Monday, October 19, 2015

Review: The Storybook of Legends (Ever After High #1) by Shannon Hale

At Ever After High, an enchanting boarding school, the children of fairytale legends prepare themselves to fulfill their destinies as the next generation of Snow Whites, Prince Charmings and Evil Queens...whether they want to or not. Each year on Legacy Day, students sign the Storybook of Legends to seal their scripted fates. For generations, the Village of Book End has whispered that refusing to sign means The End-both for a story and for a life.
As the daughter of the Evil Queen, Raven Queen's destiny is to follow in her mother's wicked footsteps, but evil is so not Raven's style. She's starting to wonder, what if she rewrote her own story? The royal Apple White, daughter of the Fairest of Them All, has a happy ever after planned for herself, but it depends upon Raven feeding her a poison apple in their future.

What if Raven doesn't sign the Storybook of Legends? It could mean a happily never after for them both.

After reading practically nothing but YA dystopian and fantasy books for the past week or so, this book was a refreshing experience.

In The Storybook of Legends, the children of the storybook characters we know and love are only a short time away from claiming their destiny and following in their parents' footsteps. However, some of them aren't sure that's what they want to do. Raven Queen, the daughter of the evil queen, is especially afraid and unsure about following her mother's destiny. She doesn't want to be evil and she'll try everything to see if she can change her fate.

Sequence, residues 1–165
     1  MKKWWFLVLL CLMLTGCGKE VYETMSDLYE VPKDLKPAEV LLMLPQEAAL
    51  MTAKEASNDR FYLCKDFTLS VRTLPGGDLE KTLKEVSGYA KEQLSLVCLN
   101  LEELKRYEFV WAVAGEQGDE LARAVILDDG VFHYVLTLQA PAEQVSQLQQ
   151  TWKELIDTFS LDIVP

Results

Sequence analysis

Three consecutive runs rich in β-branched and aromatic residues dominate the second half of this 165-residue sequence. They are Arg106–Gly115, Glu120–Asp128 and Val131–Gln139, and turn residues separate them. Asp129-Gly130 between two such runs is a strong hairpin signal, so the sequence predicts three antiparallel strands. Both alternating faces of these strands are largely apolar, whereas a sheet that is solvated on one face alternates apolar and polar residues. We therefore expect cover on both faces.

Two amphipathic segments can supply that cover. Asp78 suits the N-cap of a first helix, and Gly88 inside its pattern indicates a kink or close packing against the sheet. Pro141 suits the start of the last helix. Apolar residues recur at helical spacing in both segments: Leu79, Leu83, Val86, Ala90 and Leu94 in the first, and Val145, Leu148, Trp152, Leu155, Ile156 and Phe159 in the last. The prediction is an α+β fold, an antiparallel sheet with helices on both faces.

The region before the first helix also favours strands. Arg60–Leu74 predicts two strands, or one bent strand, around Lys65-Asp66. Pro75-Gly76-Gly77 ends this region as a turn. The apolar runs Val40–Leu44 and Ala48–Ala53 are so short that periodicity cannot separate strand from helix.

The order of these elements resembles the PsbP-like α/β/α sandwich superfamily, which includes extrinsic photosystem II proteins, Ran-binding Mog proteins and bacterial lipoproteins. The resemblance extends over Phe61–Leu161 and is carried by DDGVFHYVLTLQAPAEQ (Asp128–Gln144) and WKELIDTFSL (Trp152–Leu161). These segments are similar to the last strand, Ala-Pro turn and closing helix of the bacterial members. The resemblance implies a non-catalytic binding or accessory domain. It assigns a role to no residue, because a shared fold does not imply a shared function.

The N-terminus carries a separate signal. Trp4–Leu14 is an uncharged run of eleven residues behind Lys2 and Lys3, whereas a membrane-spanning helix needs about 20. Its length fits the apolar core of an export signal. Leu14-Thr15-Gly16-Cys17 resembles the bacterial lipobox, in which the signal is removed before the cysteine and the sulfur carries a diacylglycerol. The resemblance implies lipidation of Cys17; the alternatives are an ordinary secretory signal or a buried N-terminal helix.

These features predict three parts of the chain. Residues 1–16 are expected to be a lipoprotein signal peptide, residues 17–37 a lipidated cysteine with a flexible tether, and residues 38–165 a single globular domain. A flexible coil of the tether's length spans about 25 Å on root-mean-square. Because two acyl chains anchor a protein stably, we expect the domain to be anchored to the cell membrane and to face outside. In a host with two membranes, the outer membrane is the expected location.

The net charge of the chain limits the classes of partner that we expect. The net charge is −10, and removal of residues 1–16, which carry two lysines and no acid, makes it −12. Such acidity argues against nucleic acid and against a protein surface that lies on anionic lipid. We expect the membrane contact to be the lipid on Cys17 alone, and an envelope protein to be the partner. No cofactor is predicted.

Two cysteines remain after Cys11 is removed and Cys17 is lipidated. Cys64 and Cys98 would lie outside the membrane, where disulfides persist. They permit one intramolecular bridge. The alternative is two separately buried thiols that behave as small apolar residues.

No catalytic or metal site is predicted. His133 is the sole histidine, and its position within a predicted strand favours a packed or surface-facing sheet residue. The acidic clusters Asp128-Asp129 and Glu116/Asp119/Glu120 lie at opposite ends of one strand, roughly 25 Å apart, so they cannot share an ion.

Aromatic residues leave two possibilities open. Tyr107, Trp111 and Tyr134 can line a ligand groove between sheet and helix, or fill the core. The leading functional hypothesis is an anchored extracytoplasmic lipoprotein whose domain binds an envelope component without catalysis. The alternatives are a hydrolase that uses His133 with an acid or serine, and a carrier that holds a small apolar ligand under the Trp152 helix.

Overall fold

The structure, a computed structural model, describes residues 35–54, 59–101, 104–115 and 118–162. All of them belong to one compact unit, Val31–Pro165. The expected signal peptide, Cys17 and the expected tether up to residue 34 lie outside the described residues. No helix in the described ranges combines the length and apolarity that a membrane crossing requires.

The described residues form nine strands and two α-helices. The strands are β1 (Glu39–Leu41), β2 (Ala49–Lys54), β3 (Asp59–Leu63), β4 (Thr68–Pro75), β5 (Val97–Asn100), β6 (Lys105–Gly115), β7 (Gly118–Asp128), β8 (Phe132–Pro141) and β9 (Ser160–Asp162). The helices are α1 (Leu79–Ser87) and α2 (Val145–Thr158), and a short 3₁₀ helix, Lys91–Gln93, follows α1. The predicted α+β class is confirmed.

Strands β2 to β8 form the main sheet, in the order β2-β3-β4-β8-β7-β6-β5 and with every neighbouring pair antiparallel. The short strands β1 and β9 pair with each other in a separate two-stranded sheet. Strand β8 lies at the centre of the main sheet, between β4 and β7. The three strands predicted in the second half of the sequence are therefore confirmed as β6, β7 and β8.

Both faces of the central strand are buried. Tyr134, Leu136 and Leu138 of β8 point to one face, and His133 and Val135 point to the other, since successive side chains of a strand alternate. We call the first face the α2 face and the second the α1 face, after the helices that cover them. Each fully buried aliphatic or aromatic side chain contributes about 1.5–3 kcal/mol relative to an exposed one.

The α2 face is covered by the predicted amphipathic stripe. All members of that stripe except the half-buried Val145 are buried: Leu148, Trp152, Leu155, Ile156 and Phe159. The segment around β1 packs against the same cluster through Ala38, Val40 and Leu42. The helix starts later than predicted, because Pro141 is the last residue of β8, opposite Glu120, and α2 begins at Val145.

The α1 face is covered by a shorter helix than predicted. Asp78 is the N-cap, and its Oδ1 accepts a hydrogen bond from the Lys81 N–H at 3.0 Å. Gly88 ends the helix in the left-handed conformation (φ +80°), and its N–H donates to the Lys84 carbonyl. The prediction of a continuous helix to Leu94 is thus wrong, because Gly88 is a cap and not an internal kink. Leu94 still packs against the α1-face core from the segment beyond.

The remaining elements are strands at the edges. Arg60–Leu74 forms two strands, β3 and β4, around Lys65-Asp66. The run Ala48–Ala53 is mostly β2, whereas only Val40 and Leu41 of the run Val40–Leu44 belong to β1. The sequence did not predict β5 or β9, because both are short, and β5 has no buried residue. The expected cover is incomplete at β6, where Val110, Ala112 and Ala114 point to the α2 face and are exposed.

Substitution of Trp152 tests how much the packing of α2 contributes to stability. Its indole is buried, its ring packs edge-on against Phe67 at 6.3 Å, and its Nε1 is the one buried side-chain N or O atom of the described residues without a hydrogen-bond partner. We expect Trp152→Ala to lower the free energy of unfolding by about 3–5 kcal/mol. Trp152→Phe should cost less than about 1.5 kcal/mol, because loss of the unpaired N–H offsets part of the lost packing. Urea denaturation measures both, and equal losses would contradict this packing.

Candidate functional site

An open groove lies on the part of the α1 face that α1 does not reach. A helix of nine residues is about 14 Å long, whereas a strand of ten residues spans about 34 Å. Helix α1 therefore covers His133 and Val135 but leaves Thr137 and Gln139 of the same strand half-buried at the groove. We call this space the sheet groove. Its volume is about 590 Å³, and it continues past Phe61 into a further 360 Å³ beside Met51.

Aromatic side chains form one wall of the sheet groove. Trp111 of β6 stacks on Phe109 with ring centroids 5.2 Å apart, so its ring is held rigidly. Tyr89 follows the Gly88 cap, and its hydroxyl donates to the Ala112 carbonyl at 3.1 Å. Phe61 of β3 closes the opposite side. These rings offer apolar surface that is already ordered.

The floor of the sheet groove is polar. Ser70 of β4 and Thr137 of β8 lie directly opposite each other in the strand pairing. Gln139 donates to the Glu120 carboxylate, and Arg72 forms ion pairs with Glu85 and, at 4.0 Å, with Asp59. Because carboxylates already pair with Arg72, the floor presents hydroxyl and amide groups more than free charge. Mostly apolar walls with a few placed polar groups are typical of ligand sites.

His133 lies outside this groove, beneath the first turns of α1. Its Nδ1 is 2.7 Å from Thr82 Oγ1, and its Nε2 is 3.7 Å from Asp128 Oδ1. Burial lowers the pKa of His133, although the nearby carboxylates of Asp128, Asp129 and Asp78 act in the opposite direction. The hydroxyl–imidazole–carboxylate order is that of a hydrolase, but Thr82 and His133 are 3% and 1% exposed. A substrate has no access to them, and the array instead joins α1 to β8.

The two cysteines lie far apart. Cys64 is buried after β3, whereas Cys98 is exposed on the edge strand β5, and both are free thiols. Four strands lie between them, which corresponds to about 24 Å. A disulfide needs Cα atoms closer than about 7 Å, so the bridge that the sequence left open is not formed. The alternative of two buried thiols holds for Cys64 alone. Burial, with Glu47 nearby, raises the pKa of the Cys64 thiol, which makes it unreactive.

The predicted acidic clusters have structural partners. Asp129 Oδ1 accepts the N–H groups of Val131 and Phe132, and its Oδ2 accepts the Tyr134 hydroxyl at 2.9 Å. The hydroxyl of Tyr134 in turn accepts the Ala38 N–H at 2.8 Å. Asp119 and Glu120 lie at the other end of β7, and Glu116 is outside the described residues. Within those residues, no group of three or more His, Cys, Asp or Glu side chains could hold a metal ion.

This is a coming-of-age tale set in a fairy tale environment. The setting makes it feel like this was meant for younger kids, and it probably is. However, the hints of romance between some characters makes this a possibly interesting read for older audiences as well.

Here, the focus shifts between Raven Queen and Apple White. Maddie Hatter also has some page time when she chats with the narrator. the portrayal tries to be fair to both girls, but Raven Queen is easier to sympathize with. Apple White seems a little vapid to me, even though she has good intentions.

The ending, in particular, makes me root for Raven Queen over Apple White. Apple is so concerned with her own happiness that she doesn't seem to think about Raven's future except in a naive light.


  1. It's an easy read.
  2. There are some really funny lines.
  3. The villains and heroes are portrayed as being a lot more human than you'd expect from fairy tale characters. 


  1. The plot twists are easy enough to guess. 

“Raven heard a crunch. “Maddie!” said Raven. “You’re not supposed to eat the stone.” “Why not?” said Maddie. “It’s delightfully crunchy.” “How do you even do that?” Raven asked. “I mean, it’s a rock.” Maddie shrugged. “Sometimes things aren’t impossible the first time I try, because I don’t know they’re impossible yet. I probably couldn’t do it again, though.”

  1. You like fairy tale adaptations.
  2. You like stories wherein the villains are portrayed in a positive or more human light.
  3. You're not a fan of Snow White. 



Note: This post contains Amazon and Book Depository affiliate links.

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